Thinking Teaching Creating

Thoughts, Tips, Ideas, and Projects from a Creative Teacher Mama

Plans for Blended Learning

I want to implement some blended learning in my classroom this year.  I thought about trying to flip the classroom for just one subject (math), but I’m nervous about the potential problems that will occur when a few kids don’t watch the videos for homework (whether it was because they were busy, they decided not to, or lack a reliable internet connection, the result is the same).  I also don’t know that I’ll have time to create a video for every lesson I teach, even in a single subject, so I’m hesitant to commit myself to a true flip.

What I do have in mind is more of an in class flip for differentiation, and I plan to test drive it in math.

Now, bear in mind that I teach a self-contained class of gifted kids, so very few students are working below grade level, while I might have 6 or more students who can ace all the unit tests on day one.  I have a 90 minute block for math, and I’m expected to have about half of that time as instruction, and the other half as a student workshop of sorts.

math unit mind map

The mind map linked above takes into account that my district (and honestly, good teaching practices) requires that students who earn below a C on assessments are given remediation and the opportunity to retest once, with the highest possible score on a retest of 80%.  It also essentially breaks the class into three groups; those ready to learn the grade level material at the usual pace, those who need the unit compacted, and those who need the next level.

I know you’re thinking, great, but where does the blended learning part come in?

Remember how I said I planned to use it to differentiate?  Well, my plan is to have the lessons for the second half of the unit in video format,  using Blendspace to create lessons that include a video, guided practice, some independent practice, and possible a video going over the answers to the independent practice (although I think the answer key video will be the beginning of the next day’s lesson, and won’t be available until after the independent practice should be complete…just to make it easier for them to stay honest about it).  I also plan to have the lessons for the advanced group, working on next year’s content on the same topic, set up on Blendspace, although they won’t be allowed to work on it until they have completed the unit project.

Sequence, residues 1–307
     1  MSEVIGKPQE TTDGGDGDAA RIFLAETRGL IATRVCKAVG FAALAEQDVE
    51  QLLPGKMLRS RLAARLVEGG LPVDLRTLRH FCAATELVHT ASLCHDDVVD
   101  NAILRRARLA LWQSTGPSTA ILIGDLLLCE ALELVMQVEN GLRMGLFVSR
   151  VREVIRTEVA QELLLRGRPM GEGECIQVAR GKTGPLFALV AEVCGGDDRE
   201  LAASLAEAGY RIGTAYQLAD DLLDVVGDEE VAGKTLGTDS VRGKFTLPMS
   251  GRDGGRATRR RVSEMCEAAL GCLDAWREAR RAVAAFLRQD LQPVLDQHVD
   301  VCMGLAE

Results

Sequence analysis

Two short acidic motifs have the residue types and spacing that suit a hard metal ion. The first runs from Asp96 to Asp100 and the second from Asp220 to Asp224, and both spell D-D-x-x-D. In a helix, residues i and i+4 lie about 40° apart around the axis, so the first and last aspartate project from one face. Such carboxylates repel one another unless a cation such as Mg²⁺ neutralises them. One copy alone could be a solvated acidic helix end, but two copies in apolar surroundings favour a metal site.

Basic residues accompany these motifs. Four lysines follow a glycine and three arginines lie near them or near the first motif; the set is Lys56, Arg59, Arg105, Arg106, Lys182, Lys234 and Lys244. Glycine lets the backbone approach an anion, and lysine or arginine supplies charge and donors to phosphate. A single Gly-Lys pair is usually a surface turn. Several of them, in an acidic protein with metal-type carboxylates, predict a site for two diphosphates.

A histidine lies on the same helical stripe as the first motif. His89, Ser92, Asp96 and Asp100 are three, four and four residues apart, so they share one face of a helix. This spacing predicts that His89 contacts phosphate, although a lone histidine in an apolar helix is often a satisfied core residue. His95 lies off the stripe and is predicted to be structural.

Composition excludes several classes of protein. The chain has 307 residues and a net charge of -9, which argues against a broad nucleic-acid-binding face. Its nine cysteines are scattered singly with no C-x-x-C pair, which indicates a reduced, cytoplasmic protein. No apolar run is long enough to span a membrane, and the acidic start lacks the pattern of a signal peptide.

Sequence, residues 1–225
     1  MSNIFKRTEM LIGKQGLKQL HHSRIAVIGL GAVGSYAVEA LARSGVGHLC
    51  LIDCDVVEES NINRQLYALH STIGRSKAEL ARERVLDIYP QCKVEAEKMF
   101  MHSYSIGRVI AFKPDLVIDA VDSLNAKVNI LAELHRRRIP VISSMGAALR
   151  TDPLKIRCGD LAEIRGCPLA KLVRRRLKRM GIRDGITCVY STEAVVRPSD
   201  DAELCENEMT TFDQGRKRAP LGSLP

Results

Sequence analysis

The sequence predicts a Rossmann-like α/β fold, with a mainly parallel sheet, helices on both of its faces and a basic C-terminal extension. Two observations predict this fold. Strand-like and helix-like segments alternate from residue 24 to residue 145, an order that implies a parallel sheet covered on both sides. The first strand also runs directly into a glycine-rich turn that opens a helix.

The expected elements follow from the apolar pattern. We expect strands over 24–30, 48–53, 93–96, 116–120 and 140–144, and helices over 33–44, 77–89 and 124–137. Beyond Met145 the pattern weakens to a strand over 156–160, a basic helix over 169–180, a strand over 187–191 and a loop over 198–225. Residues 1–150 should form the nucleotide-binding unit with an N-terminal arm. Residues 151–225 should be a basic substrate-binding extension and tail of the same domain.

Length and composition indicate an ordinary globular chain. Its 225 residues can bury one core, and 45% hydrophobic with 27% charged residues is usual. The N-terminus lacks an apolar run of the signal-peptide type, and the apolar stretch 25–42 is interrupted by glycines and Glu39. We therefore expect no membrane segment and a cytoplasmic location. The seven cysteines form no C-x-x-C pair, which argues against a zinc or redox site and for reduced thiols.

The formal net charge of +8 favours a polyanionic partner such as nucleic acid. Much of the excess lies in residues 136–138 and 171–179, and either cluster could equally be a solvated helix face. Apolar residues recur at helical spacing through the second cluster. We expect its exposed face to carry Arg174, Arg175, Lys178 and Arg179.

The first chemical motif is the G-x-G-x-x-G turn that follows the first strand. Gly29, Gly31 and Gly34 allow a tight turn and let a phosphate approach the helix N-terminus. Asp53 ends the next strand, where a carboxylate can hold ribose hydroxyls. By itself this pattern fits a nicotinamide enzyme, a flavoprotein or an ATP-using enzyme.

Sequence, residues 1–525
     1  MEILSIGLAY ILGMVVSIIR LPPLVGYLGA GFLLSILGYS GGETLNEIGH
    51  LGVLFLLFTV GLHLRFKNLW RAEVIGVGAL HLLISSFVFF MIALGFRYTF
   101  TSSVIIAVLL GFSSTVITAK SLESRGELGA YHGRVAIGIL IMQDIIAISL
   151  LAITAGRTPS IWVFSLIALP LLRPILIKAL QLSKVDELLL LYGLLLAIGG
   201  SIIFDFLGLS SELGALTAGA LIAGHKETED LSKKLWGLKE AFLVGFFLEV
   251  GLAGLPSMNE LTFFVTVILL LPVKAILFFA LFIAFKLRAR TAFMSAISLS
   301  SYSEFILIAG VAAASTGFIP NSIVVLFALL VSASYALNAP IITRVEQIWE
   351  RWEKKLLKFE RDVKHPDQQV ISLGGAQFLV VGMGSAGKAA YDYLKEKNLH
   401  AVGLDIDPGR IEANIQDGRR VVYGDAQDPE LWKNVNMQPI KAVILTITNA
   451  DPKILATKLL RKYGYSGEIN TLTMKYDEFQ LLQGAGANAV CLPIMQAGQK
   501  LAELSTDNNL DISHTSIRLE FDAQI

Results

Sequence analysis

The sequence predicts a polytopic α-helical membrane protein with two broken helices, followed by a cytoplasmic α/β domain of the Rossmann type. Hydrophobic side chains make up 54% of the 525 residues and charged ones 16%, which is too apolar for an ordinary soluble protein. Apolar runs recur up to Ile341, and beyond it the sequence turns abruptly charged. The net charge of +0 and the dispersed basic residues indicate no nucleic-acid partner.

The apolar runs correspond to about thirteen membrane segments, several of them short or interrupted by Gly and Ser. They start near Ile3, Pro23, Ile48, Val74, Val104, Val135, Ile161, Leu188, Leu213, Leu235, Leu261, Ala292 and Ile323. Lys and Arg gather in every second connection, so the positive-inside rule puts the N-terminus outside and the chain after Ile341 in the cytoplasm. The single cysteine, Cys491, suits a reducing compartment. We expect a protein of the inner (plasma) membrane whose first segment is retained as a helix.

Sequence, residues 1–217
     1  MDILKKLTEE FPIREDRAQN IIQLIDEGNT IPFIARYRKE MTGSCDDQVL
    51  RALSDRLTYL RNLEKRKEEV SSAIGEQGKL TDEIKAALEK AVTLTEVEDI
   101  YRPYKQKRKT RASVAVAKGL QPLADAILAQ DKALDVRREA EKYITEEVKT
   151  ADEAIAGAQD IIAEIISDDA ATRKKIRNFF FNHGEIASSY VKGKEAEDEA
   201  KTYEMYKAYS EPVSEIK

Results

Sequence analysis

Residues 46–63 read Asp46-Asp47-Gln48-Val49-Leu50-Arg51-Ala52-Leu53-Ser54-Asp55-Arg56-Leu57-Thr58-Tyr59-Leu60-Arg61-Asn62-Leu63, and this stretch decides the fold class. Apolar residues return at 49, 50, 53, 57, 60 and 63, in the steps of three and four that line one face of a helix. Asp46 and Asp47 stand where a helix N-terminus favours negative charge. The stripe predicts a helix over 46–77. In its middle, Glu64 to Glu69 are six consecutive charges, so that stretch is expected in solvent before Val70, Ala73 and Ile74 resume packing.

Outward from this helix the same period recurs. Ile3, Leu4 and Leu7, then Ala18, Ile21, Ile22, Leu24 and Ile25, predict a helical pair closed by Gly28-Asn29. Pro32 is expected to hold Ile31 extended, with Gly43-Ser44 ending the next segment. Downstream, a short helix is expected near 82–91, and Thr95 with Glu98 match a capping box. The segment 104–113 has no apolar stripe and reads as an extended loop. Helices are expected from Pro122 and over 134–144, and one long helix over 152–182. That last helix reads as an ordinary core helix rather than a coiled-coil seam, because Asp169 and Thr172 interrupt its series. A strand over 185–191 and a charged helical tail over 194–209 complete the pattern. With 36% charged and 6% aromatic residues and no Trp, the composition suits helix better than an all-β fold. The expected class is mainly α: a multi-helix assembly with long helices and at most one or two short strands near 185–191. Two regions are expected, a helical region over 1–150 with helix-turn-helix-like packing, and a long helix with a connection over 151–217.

The unit projects will be real-world examples using the main skills that the unit teaches.  For example, our unit on area and perimeter has students determine the cost of redecorating a room based on their choices of wall covering and carpet.  They are tasks that would take just a few class periods to complete if they have an hour or so of work time.  The plan is to have them start these projects when they finish early as soon as they have the skills to do so, and give just a few days at the end of the unit before the test to complete the projects.  I plan to give tasks that are somewhat open-ended, but not so much that they’re ridiculously difficult to grade.

Here’s what I’m looking at for my typical daily schedule:

You see that my first order of business with each group is to check their most recent independent practice and answer questions on that lesson.  I figure that most questions will be addressed while explaining how to find the correct answers, but I’m also planning to have a place each group can post their questions each day, and I can answer any we don’t hit naturally.  I want all the questions to be visible to everyone in an effort to minimize repeats, but I’m on the fence about having chart paper and sticky notes in the room vs. having it on Google Classroom, Padlet, Today’s Meet, or any other digital tool.  In the classroom is accessible to everyone, especially if our classroom technology is being used for Blendspace lessons, but digital question boards will also be accessible at home if someone comes up with a question while completing an assignment for homework.  I obviously could do both, but would rather only have to check in one place.